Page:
“Data on gender and sexual identity at a small area level may be useful for planning for sexual health resources.

“We understand that the UK’s ONS are considering including a sexual and gender identity question in the 2021 Census of England and Wales. The ONS are currently conducting further research on same.”

The Department of Justice also recommended including a question on sexual orientation.

A Census spokesperson said it is carrying out a trial involving a question on sexual orientation in the Quarterly National Household Survey, and data collected will inform discussions on the issue for future Census surveys.

“The aim is to see how it goes with other CSO surveys with a view to maybe having a question like this in future,” they said.

Democratic Debate: Buttigieg Surge Gives Hope to SoCal LGBT Voter

Democratic Debate: Buttigieg Surge Gives Hope to SoCal LGBT Voter

WEST HOLLYWOOD, Calif. – Mondays are a drag wherever you are. But especially at the Abbey.

Which is why the famed gay bar in West Hollywood is one Sean Panzer’s favorite places to blow off steam.

“I love coming and seeing the queens like, do what they do best,” Panzer told Spectrum News 1.

It started off as just another night out with friends. But in recent years, Panzer’s monthly ritual has taken on a much deeper meaning.

"I think nights like this celebrate who we are,” he said.

The last few years have seen a dramatic rise in hate crimes against LGBTQ people. According to a recent report by the FBI , incidents targeting gay males increased by nearly 7 percent last year, and anti-transgender hate crimes rose nearly 34 percent.

An openly gay man from Sherman Oaks, Panzer has been carefully weighing his options for the 2020 election. He’s leaning towards Massachusetts Sen. Elizabeth Warren and Mayor Pete Buttigieg.

The out mayor of South Bend, Indiana has rocked the political establishment in recent days, surging 16 points to land at top of the Democratic field in Iowa .

“To see the first openly gay candidate as a frontrunner in a poll, I honestly wasn’t sure if America was ready for this,” Panzer said. “To see the first openly gay candidate as a frontrunner in a poll, I honestly wasn’t sure if America was ready for this,” Panzer said.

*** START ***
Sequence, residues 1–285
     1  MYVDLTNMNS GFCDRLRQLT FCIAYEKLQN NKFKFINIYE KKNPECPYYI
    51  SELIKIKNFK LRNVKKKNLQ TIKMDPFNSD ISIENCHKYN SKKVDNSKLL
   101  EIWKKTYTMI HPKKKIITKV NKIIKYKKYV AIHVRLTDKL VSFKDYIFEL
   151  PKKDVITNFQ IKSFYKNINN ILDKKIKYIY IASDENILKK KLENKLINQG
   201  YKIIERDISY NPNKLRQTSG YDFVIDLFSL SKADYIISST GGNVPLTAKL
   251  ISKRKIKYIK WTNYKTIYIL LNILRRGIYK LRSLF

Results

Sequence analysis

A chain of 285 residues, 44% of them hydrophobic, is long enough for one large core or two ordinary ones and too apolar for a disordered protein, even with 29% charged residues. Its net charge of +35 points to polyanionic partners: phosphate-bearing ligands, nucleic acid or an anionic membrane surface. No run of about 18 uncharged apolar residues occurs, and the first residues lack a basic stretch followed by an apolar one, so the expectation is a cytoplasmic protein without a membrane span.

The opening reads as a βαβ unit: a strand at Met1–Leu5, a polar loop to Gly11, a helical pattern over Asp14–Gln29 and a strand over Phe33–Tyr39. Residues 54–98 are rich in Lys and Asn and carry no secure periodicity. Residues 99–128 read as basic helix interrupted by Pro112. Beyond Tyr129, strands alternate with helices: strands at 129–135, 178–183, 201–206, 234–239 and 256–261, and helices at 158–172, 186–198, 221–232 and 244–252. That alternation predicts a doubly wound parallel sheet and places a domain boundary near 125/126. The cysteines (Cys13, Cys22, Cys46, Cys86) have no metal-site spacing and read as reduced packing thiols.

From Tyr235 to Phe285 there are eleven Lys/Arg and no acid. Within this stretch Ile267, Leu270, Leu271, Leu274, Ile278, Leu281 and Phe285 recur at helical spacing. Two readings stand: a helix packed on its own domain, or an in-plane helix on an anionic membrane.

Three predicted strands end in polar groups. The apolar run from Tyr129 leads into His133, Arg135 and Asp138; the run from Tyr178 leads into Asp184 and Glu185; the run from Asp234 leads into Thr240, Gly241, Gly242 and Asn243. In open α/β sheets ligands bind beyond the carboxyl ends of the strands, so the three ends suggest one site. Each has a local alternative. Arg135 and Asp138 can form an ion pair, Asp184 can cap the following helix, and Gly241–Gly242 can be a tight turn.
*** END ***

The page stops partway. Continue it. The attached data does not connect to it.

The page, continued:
He’s been following the impeachment hearings but says his focus is on 2020. The next debate, he says, will be crucial to making his decision.

“I hope they keep it civil," he said. "I feel like the questioning in the last couple of debates hasn’t fostered that kind of civil discussion that I would like to see from the candidates."

How dare they cast out this councillor for holding to her principles on LGBT

How dare they cast out this councillor for holding to her principles on LGBT

BBC News carried a story on November 13 – first reported in the Salisbury Journal on November 12 – about Mary Douglas , a Conservative member of Wiltshire County Council.

Councillor Douglas held the portfolio for social mobility and skills. On Monday November 4, the Salisbury Area Board considered funding requests from community groups from the council.

One of the groups were the organisers of Salisbury Pride, represented by Salisbury deputy mayor and Pride organiser Caroline Corbin, who asked the council to contribute £1,000 towards their budget of £18,000 for their event in June 2020.

In the discussion, Councillor Douglas is reported to have said: ‘I cannot support this. I am not saying I do not accept or respect or love people who identify as LGBTQ+ (lesbian, gay, bisexual, transgender, queer or questioning) because I do. I support completely their right to make choices, however I do not support those choices themselves, nor the ideology and world view they represent.

‘These are wonderful people, well-meaning and sincere, but misguided by a powerful ideology. I do not want to be a part of promoting this, and I want to be clear this is not just my view, I represent a large number of people, some who are afraid to say something.’

The Tory leader of the council, Philip Whitehead said: ‘I have taken the decision to remove Councillor Mary Douglas as Portfolio Holder for Social Mobility and Skills. I would like to thank her for her work during her time as Portfolio Holder. She will step down from the role with immediate effect, but remains a Wiltshire Council councillor.’

Councillor Corbin described Councillor Douglas as ‘an embarrassment to the public office who is just not fit for that role any more’.

This latest incident is a further challenge to liberal democracy, which is founded on the principle, among others, that the free expression of political ideas, as distinct from slavish bondage to an imposed party line, is the most conducive to political freedom and establishment of truth.

Our British constitution allows for principled opposition at the highest level of governance in our Houses of Parliament in order that the actions of the government in power can be subject to scrutiny and tested in debate.

Ed Costelloe, chairman of Grassroots Conservatives, said: ‘I wonder whether Philip Whitehead has any idea of what the vast majority of Conservative Party members will think of his decision which is contrary to conservative principles, free speech and a tolerant society.’

The long march through our institutions of an ideology from any source, be it unrestrained free-market capitalism, or any other, that brooks no debate or challenge from elected representatives of the people is a very worrying development.

Mrs Douglas is a vocal supporter of human rights. She is on record as saying: ‘As sons of God, we have unconditional value to the creator God who is our father. This is the highest account of a human being and the strongest foundation for human rights’. See here five minutes in.

Andrea Williams, chief executive of Christian Concern, responded to the news by saying: ‘Councillor Douglas has served her community faithfully for many years. She is the latest in a long line of victims who are cast out from public life for daring to air another view.

‘Councillor Douglas is kind and sacrificial and cares deeply about the gay community. She is strong enough not to be taken in by their radical agenda and what it brings. For that she is punished. Britain 2019.’